Split and reconcatenate a string in R
I am trying to get the host of an IP address from a list of strings.
ips < c('140.112.204.42', '132.212.14.139', '31.2.47.93', '7.112.221.238')
I want to get the first 2 digits from the ips. output:
ips < c('140.112', '132.212', '31.2', '7.112')
This is the code that I wrote to convert them:
cat(unlist(strsplit(ips, "\\.", fixed = FALSE))[1:2], sep = ".")
When I check the type of individual ips in the end I get something like this:
140.112 NULL
Not sure what I am doing wrong. If you have some other ideas completely different from this that is completely fine too. Thank you for nay help in advance
5 answers

With
sub
:ips < c('140.112.204.42', '132.212.14.139', '31.2.47.93', '7.112.221.238') sub('\\.\\d+\\.\\d+$', '', ips) # [1] "140.112" "132.212" "31.2" "7.112"
With
str_extract
fromstringr
:library(stringr) str_extract(ips, '^\\d+\\.\\d+') # [1] "140.112" "132.212" "31.2" "7.112"
With
strsplit
+sapply
:sapply(strsplit(ips, '\\.'), function(x) paste(x[1:2], collapse = '.')) # [1] "140.112" "132.212" "31.2" "7.112"
With
read.table
+apply
:apply(read.table(textConnection(ips), sep='.')[1:2], 1, paste, collapse = '.') #[1] "140.112" "132.212" "31.2" "7.112"
Notes:
sub('\\.\\d+\\.\\d+$', '', ips)
:i.
\\.\\d+\\.\\d+$
matches a literal dot, a digit one or more times, a literal dot again, and a digit one or more times at the end of the stringii.
sub
removes the above match from the stringstr_extract(ips, '^\\d+\\.\\d+')
:i.
^\\d+\\.\\d+
matches a digit one or more times, a literal dot and a digit one or more times in the beginning of the stringii.
str_extract
extracts the above match from the stringsapply(strsplit(ips, '\\.'), function(x) paste(x[1:2], collapse = '.'))
:i.
strsplit(ips, '\\.')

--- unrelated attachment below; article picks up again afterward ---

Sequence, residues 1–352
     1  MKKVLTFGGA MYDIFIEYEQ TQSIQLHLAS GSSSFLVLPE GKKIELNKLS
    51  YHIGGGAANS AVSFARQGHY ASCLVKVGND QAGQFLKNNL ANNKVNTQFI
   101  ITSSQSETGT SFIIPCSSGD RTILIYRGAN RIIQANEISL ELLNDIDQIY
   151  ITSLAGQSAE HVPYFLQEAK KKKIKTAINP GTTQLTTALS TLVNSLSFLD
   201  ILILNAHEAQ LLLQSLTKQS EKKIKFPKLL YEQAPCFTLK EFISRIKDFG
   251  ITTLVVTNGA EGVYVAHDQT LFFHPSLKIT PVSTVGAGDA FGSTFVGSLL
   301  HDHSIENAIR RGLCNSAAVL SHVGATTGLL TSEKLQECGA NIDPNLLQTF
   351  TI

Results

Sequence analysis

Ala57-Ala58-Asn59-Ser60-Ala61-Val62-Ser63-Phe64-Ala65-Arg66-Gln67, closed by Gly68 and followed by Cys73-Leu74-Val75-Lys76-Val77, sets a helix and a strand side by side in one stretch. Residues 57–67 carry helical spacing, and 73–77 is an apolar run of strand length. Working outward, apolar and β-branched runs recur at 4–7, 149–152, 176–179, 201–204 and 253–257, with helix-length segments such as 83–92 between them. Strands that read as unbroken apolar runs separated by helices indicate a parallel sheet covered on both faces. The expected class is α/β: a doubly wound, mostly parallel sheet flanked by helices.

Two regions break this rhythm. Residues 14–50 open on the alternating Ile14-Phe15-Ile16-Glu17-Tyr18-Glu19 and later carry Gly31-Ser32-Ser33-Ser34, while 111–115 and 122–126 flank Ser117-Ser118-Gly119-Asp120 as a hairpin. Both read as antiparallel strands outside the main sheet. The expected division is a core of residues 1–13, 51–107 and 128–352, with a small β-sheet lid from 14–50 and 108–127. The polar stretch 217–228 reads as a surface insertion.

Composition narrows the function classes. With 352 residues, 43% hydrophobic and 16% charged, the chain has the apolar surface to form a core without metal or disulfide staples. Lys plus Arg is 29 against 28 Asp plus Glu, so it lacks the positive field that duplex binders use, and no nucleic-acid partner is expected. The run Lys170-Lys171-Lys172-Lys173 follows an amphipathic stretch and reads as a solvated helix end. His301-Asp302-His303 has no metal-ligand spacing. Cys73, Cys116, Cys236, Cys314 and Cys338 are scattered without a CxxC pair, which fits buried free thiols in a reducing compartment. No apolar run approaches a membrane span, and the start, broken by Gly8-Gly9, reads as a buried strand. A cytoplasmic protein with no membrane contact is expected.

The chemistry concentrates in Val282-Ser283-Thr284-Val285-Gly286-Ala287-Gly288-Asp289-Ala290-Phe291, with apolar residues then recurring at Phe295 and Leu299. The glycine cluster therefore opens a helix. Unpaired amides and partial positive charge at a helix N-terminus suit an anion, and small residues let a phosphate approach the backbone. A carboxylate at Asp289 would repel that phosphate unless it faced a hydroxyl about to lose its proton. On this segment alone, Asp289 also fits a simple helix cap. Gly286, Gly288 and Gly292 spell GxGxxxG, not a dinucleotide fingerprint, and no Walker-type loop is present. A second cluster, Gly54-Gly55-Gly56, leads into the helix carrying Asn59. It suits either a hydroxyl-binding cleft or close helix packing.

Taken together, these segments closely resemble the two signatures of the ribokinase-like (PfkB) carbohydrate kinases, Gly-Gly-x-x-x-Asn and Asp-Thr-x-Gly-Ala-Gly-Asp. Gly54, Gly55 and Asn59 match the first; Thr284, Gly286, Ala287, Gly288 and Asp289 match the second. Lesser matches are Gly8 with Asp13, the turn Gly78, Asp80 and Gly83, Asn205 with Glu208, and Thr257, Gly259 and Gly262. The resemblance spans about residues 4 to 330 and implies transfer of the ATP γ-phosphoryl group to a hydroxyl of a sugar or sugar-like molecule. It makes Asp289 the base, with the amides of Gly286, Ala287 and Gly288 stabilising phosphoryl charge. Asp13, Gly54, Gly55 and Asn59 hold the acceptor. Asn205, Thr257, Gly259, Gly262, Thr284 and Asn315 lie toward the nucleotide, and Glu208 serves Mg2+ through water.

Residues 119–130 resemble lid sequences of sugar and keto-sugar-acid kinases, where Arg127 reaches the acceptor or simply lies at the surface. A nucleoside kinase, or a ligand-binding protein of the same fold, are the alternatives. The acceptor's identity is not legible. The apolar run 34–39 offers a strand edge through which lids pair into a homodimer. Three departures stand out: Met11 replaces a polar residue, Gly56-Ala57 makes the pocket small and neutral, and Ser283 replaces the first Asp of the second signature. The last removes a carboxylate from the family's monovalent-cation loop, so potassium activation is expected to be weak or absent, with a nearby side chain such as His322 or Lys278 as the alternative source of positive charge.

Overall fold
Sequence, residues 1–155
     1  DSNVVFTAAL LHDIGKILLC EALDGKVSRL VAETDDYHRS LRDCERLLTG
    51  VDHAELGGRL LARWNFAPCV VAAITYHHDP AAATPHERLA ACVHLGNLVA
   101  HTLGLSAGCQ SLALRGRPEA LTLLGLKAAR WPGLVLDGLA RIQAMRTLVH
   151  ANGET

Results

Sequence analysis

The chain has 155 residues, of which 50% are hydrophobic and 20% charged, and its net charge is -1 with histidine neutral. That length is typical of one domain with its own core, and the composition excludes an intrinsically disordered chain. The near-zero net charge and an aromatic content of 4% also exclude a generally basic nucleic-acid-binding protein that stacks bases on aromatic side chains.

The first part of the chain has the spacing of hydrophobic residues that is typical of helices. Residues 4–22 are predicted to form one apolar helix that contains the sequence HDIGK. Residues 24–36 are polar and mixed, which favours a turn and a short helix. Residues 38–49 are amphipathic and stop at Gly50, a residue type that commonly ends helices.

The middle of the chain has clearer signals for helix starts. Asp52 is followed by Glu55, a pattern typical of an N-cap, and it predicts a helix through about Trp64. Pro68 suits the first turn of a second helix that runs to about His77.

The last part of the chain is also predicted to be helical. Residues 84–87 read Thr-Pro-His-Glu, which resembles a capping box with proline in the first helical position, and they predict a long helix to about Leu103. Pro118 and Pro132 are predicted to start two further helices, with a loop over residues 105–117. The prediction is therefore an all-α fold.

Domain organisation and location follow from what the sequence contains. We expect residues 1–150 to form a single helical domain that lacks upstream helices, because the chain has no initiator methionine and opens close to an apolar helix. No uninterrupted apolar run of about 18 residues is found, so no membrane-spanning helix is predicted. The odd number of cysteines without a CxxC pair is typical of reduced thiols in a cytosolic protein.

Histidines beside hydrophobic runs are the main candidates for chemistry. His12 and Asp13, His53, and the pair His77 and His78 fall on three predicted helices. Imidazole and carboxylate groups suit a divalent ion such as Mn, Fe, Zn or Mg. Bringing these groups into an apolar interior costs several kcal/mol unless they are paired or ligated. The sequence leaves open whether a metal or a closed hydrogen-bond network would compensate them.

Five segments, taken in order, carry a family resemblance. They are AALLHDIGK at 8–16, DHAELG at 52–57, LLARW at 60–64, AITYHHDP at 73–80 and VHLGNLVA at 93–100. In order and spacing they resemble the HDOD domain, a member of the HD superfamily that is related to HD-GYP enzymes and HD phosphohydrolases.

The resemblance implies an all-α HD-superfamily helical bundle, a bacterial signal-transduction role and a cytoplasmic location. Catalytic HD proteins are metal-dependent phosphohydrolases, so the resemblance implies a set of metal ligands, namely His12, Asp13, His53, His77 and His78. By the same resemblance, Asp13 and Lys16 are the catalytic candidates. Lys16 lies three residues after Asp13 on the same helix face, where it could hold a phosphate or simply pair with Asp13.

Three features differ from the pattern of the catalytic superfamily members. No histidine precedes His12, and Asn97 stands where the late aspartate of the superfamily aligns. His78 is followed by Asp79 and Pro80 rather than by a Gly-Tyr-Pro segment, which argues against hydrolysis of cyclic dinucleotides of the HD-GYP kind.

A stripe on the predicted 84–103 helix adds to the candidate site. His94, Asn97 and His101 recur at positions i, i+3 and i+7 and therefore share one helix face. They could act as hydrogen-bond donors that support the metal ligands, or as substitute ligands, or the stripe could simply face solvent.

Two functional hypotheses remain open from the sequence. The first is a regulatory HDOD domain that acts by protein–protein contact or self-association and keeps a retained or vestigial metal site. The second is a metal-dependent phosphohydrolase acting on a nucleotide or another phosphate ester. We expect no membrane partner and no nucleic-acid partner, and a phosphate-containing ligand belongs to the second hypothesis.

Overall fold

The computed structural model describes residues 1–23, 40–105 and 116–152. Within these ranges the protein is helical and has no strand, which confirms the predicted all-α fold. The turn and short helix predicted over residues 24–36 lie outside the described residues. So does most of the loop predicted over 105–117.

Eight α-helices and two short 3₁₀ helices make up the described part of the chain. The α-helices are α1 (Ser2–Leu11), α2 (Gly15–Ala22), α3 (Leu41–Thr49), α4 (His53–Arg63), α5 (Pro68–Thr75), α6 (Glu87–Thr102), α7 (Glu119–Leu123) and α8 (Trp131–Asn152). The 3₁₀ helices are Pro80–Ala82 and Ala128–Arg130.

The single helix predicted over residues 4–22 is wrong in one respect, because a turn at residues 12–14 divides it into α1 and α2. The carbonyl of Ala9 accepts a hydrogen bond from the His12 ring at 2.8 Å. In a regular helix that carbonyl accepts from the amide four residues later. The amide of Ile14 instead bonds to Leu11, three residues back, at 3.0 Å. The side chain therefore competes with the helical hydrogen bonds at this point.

splits eachip
using a literal dot as the delimiter. This returns a list of vectors after the splitii. With
sapply
,paste(x[1:2], collapse = '.')
is applied to every element of the list, thus taking only the first two numbers from each vector, and collapsing them with a dot as the separator.sapply
then coerces the list to a vector, thus returning a vector of the desired ips.apply(read.table(textConnection(ips), sep='.')[1:2], 1, paste, collapse = '.')
:i.
read.table(textConnection(ips), sep='.')[1:2]
treatsips
as text input and reads it in with dot as a delimiter. Only taking the first two columns.ii.
apply
enablespaste
to be operated on each row, and collapses with a dot.

Could you please try following.
gsub("([09]+.[09]+)(.*)","\\1",ips)
Explanation: Using
gsub
function and putting regex there to match digits then DOT then digits in memory's 1st place holder and keeping.*
everything after it in 2nd place holder of memory. Then substituting these with\\1
with first regex's value which will be first 2 fields. 
One solution is the following:
vapply(strsplit(ips, ".", fixed = TRUE), function(x) paste(x[1:2], collapse = "."), character(1L))
vapply
appliesfunction(x)
to each element of the output ofstrsplit
strsplit
produces a list where each element of the list is the components of the IP addresses separated by"."
; settingfixed = TRUE
requests to split using the exact value of the splitting string (i.e.,"."
), not using regexfunction(x)
takes the first two elements (x[1:2]
) of each item coming out ofstrsplit
andpaste
s them together, seperated by"."
character(1L)
tellsvapply
that each element of the output (i.e., returned fromfunction(x)
should be a string of length 1.
Edit: @useR posted this solution right before me (using
sapply
). 
substr
is vectorised on the stop argument, so you can use this with a vector of positions before the second dot.regexpr
gives the positions of the first match, so if yousub
out the first one you can match on the second  which will be conveniently one before it's true position as needed (since you removed the first one).substr(ips,1,regexpr("\\.",sub("\\.","",ips))) [1] "140.112" "132.212" "31.2" "7.112"

We can convert the ip addresses to numeric_version class and then format using this base R oneliner that employs no regular expressions:
format(numeric_version(ips)[, 1:2]) [1] "140.112" "132.212" "31.2" "7.112"